Spring football is about to start on Tuesday, and with it comes a sea of speculation. Certain players will get talked up by coaches. Depth charts will be released and debated. Meager notes from intrasquad scrimmages will be pored over for something, anything to indicate what might be next season. Here are some things to watch:
So you're taking over for arguably the best quarterback in MSU history and moreover, fans have seen surprisingly little of you over the past two years, making you the enigmatic backup who might be, in the eyes of some fans, better than the last guy! No pressure dude.
Obviously fans are going to be scanning every box score for TDs and INTs and psychoanalyzing every piece of praise or critique from quarterbacks coach Dave Warner. But there are a few more things to keep an eye on:
-Who is he establishing a connection with early? Maxwell is a new QB, with a totally new batch of wide receivers. If there is a single silver lining to that sort of situation it is this: These receivers should be used to Maxwell. They've been playing with him on the scout team for a year or two now, and won't be comparing him to the last guy, because, well, they didn't really play with the last guy. So will we see a primary QB-receiver combo come out early?
-Does he get named an early captain, or get early buzz? Sometimes captaincies get incredibly overrated (see: English national soccer teams) but I think there's a fairly good argument that they are important factors of a college sports team. When coaches can't contact or see players due to NCAA rules, it is typically the captains who get people out to voluntary workouts or film sessions. Many people's first indicator of Cousin's place in the team was tipped by his early captaincy. Will Maxwell, though not yet a senior, follow suit?
-Is there anything Maxwell can do skill-wise that Cousins couldn't, that might foretell any changes to the offense? Kirk was always fairly immobile in the pocket. Will there be any long runs from Maxwell, any option plays, any zone read? Based on limited viewings of him I would guess no, but those viewings are, to repeat, limited, and Roushar has proven to be a somewhat of a mad scientist.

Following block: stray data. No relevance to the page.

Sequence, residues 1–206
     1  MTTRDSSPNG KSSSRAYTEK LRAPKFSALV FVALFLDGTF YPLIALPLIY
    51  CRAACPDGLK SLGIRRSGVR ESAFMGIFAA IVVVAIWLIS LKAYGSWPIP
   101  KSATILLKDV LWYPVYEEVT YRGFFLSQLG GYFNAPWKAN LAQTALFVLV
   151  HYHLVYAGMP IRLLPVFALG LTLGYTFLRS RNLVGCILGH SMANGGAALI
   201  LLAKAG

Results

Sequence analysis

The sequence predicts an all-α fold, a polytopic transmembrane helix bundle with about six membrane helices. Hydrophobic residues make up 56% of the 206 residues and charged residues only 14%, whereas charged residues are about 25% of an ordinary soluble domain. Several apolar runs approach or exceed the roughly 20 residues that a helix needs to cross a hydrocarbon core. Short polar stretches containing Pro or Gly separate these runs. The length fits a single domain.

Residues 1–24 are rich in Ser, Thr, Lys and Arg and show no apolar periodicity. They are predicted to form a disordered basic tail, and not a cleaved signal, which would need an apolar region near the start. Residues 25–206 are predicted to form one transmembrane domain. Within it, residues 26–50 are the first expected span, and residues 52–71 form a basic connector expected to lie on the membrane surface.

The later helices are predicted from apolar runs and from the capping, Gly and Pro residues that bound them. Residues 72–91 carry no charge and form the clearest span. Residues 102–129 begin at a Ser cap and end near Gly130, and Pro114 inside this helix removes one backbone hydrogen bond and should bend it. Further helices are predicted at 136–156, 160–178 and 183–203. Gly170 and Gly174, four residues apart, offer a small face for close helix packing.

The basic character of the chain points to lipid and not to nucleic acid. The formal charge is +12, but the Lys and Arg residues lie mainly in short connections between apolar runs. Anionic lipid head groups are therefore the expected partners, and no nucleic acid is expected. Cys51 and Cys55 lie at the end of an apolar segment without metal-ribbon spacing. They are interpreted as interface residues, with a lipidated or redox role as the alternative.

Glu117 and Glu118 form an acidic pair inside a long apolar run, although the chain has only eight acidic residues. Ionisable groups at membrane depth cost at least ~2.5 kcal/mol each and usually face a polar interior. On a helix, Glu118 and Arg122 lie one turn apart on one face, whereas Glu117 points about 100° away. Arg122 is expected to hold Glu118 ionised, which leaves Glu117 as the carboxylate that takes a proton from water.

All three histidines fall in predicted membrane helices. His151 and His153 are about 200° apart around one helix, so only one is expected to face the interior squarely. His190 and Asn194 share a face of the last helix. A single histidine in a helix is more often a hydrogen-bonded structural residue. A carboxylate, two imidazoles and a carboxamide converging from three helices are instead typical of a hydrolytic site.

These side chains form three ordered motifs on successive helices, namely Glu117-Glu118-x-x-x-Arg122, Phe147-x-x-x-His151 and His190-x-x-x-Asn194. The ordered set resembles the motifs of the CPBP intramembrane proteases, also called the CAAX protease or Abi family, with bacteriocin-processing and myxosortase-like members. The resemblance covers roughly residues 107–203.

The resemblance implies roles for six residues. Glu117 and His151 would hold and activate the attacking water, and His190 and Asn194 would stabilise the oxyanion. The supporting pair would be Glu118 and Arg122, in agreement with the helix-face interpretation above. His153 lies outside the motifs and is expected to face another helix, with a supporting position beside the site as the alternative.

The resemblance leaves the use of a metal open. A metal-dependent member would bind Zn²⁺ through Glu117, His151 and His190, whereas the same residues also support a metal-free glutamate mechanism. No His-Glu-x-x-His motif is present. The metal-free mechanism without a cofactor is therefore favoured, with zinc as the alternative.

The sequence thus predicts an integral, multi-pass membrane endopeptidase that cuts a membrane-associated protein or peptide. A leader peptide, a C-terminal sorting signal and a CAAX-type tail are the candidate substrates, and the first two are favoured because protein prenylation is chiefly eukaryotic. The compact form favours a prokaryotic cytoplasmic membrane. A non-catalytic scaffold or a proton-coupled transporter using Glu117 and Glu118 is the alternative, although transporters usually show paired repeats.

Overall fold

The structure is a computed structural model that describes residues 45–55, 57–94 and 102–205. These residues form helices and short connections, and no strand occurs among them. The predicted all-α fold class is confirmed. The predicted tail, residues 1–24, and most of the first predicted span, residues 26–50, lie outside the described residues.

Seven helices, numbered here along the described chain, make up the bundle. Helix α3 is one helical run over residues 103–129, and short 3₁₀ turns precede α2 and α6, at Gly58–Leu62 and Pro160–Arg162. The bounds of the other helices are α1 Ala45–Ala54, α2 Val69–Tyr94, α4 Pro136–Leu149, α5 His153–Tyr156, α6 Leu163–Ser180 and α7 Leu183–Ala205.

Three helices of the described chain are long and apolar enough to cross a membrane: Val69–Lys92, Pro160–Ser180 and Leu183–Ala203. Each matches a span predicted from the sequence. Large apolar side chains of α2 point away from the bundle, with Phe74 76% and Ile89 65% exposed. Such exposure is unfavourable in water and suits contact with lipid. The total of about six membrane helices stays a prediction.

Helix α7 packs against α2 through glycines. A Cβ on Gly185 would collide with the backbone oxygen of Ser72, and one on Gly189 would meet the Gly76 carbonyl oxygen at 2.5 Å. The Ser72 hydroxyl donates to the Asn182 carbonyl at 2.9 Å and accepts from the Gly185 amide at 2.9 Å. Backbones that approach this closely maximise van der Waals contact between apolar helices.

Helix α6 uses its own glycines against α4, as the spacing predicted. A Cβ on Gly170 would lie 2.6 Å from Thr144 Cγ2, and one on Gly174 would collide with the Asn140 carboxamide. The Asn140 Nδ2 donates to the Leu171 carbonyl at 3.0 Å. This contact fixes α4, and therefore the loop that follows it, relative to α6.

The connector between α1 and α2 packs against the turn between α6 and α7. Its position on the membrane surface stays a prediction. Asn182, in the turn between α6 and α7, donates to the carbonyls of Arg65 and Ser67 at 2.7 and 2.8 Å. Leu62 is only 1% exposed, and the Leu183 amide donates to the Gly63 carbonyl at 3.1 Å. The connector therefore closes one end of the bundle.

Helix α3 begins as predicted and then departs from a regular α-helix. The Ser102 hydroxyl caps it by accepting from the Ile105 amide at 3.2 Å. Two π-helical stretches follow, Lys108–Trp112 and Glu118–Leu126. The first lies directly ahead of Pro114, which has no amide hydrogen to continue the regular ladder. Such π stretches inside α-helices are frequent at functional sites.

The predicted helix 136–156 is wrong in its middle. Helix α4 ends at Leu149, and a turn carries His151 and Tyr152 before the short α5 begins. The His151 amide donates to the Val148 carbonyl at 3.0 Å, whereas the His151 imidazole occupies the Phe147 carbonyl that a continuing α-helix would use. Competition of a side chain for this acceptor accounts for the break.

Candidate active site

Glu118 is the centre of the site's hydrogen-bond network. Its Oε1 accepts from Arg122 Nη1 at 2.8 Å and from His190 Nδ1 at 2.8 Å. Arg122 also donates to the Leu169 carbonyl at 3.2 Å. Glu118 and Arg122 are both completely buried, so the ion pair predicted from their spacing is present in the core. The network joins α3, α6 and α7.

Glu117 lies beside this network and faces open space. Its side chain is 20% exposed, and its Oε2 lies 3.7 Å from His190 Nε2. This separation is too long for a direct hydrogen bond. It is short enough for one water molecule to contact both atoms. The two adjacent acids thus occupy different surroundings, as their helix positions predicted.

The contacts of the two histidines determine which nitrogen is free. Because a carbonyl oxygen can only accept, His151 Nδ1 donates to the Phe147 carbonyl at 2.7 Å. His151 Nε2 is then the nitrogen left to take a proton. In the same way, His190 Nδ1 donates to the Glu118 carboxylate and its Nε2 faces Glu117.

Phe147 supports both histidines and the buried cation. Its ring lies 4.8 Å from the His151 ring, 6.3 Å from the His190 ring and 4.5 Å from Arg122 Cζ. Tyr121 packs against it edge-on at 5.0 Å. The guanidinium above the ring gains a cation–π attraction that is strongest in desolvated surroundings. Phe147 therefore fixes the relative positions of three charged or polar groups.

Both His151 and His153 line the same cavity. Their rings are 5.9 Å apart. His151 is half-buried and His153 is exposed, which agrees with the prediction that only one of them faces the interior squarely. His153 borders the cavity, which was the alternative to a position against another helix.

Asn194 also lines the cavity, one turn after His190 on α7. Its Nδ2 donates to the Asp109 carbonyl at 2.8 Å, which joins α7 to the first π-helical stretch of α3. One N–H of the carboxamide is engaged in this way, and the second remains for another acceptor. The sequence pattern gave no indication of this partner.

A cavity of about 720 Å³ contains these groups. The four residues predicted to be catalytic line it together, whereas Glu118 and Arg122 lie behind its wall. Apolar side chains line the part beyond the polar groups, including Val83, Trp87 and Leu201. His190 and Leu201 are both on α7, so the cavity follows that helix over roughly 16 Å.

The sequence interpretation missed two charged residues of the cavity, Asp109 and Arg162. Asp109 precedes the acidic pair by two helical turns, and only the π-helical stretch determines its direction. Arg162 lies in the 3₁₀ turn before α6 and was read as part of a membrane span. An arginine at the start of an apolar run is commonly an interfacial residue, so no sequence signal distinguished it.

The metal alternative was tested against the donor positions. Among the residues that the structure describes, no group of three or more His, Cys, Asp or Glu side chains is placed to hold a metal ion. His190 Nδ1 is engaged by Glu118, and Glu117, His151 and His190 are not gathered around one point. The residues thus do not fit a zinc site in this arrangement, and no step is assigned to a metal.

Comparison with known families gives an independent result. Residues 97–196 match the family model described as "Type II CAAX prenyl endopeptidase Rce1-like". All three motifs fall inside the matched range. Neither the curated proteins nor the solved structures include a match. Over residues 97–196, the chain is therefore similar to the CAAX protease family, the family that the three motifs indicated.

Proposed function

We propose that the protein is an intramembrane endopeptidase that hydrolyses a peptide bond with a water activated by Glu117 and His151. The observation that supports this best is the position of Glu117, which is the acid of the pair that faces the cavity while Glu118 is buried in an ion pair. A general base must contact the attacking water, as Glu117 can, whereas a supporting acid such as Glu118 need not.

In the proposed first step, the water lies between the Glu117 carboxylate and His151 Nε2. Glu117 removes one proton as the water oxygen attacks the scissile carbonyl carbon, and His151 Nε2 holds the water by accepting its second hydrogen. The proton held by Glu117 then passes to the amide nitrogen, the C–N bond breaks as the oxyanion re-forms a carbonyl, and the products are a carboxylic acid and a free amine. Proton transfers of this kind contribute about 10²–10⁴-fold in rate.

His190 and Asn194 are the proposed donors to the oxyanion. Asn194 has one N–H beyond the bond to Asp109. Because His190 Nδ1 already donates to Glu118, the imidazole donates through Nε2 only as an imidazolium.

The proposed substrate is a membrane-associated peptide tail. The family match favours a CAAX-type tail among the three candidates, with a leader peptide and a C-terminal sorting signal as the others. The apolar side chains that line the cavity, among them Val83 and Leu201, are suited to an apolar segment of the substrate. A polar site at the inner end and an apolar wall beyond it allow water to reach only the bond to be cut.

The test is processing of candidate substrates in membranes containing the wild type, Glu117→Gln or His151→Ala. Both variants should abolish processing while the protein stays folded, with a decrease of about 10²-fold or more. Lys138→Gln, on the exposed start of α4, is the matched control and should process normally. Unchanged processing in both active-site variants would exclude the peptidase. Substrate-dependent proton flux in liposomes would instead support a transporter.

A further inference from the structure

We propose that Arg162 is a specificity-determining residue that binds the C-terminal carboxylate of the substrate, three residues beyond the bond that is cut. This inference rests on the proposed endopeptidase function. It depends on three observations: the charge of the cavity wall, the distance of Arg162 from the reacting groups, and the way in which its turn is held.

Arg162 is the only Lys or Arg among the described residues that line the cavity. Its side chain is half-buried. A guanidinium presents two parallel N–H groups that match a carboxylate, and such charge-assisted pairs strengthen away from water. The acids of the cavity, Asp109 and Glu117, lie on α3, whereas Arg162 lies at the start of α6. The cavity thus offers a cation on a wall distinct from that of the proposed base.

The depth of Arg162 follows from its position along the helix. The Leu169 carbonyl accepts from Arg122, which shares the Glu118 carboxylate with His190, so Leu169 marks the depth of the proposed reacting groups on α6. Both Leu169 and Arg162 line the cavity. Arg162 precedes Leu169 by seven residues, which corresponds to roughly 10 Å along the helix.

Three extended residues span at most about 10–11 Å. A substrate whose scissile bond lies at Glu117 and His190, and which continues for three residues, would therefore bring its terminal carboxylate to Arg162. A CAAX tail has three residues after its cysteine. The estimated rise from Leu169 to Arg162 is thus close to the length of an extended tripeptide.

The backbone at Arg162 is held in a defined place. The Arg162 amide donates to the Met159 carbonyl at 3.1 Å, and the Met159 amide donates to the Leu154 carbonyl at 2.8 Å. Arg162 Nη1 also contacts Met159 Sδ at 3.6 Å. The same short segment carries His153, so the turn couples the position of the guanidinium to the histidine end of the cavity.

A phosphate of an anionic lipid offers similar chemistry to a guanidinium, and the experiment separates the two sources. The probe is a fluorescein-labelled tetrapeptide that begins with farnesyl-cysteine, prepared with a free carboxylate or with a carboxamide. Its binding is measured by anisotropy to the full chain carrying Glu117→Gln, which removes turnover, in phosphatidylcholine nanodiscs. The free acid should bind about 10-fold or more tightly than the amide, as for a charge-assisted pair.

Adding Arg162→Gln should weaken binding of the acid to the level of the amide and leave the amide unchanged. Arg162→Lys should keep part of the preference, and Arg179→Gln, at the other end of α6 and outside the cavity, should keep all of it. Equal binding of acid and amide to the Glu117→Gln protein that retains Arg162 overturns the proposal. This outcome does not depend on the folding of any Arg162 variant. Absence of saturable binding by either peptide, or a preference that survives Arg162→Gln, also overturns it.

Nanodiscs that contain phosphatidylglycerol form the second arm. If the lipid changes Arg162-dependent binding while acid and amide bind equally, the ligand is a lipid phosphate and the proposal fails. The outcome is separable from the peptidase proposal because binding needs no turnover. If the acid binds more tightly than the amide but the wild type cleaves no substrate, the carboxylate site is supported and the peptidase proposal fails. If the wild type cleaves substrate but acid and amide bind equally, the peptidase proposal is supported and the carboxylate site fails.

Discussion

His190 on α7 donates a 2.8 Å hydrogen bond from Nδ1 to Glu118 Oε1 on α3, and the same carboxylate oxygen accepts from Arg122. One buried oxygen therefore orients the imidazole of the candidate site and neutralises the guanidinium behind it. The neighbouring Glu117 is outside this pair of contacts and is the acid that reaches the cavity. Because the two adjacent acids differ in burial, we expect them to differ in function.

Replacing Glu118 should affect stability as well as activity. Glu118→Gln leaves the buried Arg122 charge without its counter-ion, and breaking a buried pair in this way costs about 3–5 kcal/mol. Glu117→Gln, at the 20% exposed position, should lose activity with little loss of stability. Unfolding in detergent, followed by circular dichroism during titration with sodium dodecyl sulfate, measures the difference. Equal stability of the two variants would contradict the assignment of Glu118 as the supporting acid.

More things to watch, after the jump...
2. Please, few injuries please. Please.
If you've paid attention to Spring Football at all over the years you know that no injuries is a pipe dream. I imagine that sometime over the next few days a list of players out for Spring practice will emerge with the names of a few guys on it.
But certain spots would be especially painful to lose to injury right now. Serious depth at Quarterback, Tight End, Fullback, and Offensive Tackle is not really there right now to my knowledge (though reinforcements for those positions will arrive with the freshman class in a few months). Avoiding players switching positions mid-camp to fill in for injury would be preferable.
3. Is Bell ready to carry a big role?
MSU will split carries this year. Caper will get carries. Nick Hill will get carries. But Le'Veon Bell might, and probably should, get the lion's share. Is he going to be ready for it? Bell, somewhat to my surprise has never carried the ball more than 20 times a game, and has only had 8 games with 15+ carries. Some of this might be the presence of Edwin Baker over the years, but maybe Bell, who is a big guy, hasn't been physically ready for that many snaps yet. But Baker is gone now, and with a brand new passing game, the offense will likely lean on Bell, who ran VERY strong over the last half of the season.
4. Will any position changes stick? Will anyone else move around and breakout at a new spot?
Every year some players get switched to new spots due to a lack of players, or a logjam ahead of them on the depth chart. Some return to their original position, but others impress or are needed enough that they stick around at their new spot. Reported so far, Tyler Hoover has moved inside to DT from DE (I'd expect him to stay there), Dana Dixon has moved from CB to wideout (who knows?) and Denzel Drone, a promising pass rusher last year has flipped to tight end (a shallow spot for MSU right now. I'd guess he eventually returns to DE, but I've seen weirder stuff happen).
5. Who takes over for Worthy?